Tuesday, August 25, 2015

A Republican Party of populism and the people can easily win with a candidate who isn't lobbyist approved, the opposite of Mitt Romney who exemplifies GOP's deepest problems. GOP must be against ethanol, Export Import Bank and cronyism, and unapologetically in favor of working Americans--Oct. 2014 article, Timothy Carney, Washington Examiner

Oct. 2014 article when it was thought Romney might run for president again:

10/1/14, "Romney can't lead a more populist GOP," Timothy P. Carney, Washington Examiner

"Mitt Romney is a great person and a decent politician, but he also embodies the deepest problems in the Republican Party. He shouldn't run for president.

Republicans, if they want to control Congress or win the White House, need to become a party of the people. Romney may be the worst possible man to take the GOP in that direction.

Romney’s most telling moment in 2012 was when he told a crowd of rich donors that the 47 percent of the country that “pay no income tax” are unwinnable for Republicans, because they “are dependent upon government,” and “I'll never convince them that they should take personal responsibility and care for their lives.”

Romney has downplayed the comment as some sort of clumsy way of handling a rambling question. But he campaigned like he believed it. Romney focused on the upper-middle-class white suburbs that Bush had generally won and McCain had generally lost. The fruit of this effort: he improved about 1 percentage point on McCain’s performance in key Ohio, Virginia, and Pennsylvania suburbs, while losing out on much of the blue-collar vote.

"The Missing White Voter" was how political analyst Sean Trende described it. Many blue-collar voters who used to be Democrats have since been turned off the party’s radical tack left on social issues, embrace of Hollywood elites, and evident disdain towards middle America (recall Obama’s candid remarks about folks bitterly clinging to guns and religion).

These voters, in lower-income suburbs, in exurbs, and in rural counties, aren’t ideologically committed to the GOP. They don’t care about capital gains tax cuts, and most aren’t avid pro-lifers.

These blue-collar voters driven away from the Democrats are loosely attached to the GOP.

Romney, a millionaire who looks like one, was never the guy to win them over. That he blasted many of them as freeloaders for the crime of paying only payroll taxes, property taxes, excise taxes, state income taxes, and sales taxes — but not federal income taxes — didn’t help.

The mainstream media often argues that the GOP is too ideologically extreme to win broadly, and that it needs to become more moderate. This analysis looks along the wrong axis. The real problem is that the GOP is too elite, and it needs to be more populist.

A more moderate GOP would forget about cutting taxes. A more populist GOP, on the other hand, would change its priorities on which taxes to cut. Instead of fighting for lower top rates and lower capital gains rates, a populist GOP would cut the payroll tax-- maybe creating a personal exemption, so that a worker isn’t paying taxes on his first dollar....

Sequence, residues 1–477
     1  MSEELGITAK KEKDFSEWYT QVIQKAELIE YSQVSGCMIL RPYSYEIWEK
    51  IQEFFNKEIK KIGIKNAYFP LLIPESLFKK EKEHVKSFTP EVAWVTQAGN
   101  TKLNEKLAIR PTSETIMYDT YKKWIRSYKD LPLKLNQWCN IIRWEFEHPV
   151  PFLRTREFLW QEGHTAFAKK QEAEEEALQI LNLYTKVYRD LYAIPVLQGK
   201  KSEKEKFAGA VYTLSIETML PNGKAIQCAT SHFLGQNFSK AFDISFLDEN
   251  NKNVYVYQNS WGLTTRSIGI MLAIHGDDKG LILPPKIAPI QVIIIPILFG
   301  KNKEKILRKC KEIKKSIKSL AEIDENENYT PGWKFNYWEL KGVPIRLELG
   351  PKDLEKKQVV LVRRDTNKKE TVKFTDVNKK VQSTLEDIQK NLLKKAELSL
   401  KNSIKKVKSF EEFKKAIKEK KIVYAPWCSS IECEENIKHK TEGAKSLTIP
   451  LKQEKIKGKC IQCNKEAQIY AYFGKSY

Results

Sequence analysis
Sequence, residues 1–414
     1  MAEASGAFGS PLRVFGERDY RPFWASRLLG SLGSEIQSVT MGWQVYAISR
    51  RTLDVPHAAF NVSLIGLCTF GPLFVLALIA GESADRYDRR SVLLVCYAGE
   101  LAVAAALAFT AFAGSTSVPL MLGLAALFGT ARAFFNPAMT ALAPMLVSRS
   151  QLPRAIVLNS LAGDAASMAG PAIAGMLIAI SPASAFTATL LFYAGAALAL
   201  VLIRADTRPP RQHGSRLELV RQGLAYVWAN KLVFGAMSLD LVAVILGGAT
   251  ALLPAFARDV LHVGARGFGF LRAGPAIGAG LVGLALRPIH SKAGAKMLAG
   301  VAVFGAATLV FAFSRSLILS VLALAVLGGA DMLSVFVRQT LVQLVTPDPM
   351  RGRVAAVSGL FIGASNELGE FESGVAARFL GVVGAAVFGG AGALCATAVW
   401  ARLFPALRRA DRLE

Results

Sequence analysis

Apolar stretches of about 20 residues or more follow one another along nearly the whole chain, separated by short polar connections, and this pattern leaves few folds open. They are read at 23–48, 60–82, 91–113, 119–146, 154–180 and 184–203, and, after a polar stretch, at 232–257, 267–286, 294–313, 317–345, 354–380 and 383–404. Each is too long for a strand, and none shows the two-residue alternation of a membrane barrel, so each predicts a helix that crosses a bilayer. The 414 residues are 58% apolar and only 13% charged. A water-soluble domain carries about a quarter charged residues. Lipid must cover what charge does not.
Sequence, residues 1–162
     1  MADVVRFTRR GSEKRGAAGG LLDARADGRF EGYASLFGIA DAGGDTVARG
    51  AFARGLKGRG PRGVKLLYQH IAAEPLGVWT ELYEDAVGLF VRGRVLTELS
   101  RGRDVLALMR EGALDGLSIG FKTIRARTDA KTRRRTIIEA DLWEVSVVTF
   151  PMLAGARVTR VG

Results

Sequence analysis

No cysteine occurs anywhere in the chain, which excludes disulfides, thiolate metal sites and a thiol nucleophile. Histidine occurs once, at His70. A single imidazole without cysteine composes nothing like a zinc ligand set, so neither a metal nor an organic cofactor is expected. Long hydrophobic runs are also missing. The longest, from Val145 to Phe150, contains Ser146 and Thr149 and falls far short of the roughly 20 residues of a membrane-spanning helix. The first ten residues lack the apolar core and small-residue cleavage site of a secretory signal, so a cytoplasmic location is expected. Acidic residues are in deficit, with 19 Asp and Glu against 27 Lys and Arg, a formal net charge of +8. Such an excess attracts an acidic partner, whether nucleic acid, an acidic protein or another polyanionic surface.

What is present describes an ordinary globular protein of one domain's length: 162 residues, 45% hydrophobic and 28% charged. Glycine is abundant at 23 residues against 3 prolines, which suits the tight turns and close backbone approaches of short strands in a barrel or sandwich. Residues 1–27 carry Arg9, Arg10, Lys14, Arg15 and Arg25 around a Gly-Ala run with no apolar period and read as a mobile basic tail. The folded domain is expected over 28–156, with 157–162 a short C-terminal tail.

Romney’s campaign was also weakened by his inability to attack Obama’s corporatism. Obama’s least popular position was probably his crucial support for the Wall Street bailout. Romney backed it, too....

Romney also couldn't attack Obama's individual insurance mandate or the special deals Obama cut with drugmakers to pass Obamacare, because Obamacare was largely modeled on Romneycare.

The 2016 GOP nominee can't be a bailout-backer deployed from Wall Street and surrounded by K Street

He or she will need to be the scourge of special interests who can present free enterprise as the great leveler and show that government intervention tilts the playing field toward the big guys.

Winning the White House will require a war on cronyism, especially if Hillary Clinton is the nominee.

The ethanol mandate, Obamacare’s insurance bailout, 

the Export-Import Bank, 

the sugar program, energy subsidies, Too Big to Fail-

these all need to be in Republicans' crosshairs. Traditionally, Romney favors programs like these.

Republicans are never going to get back the White Bread vote. They should go instead for the blue-collar vote. That means new priorities. And a new candidate."


A Dec. 2013 article expanding on this, including defining “comprehensive immigration reform” for what it is:

12/16/13, Re-Branding the GOP,” NRO, From the party of big business to the party of the little guy, By John Fonte

"As Sean Trende and others have noted middle- and working-class voters did not turn out for Mitt Romney in the 2012 presidential election in the numbers that Republican leaders had expected. In the eyes of many of these once-Republican-leaning voters (including former Reagan Democrats), the GOP appears to be too closely linked to “big business.” In response, many conservative thinkers have called for a more populist GOP, oriented toward the middle and working classes and distant from corporate elites.

It is time to reexamine the relationship between big business and the American center-right.

While corporate America has a close relationship with the Republican party generally, its engagement with American conservatism is fraught with complications. Business leaders and conservatives often join forces for pragmatic gain on significant issues such as Obamacare, taxes, trade policy, cap-and-trade proposals, and other environmental and government regulations. This issue-by-issue alliance is tactically useful to both groups and no doubt will (and should) continue.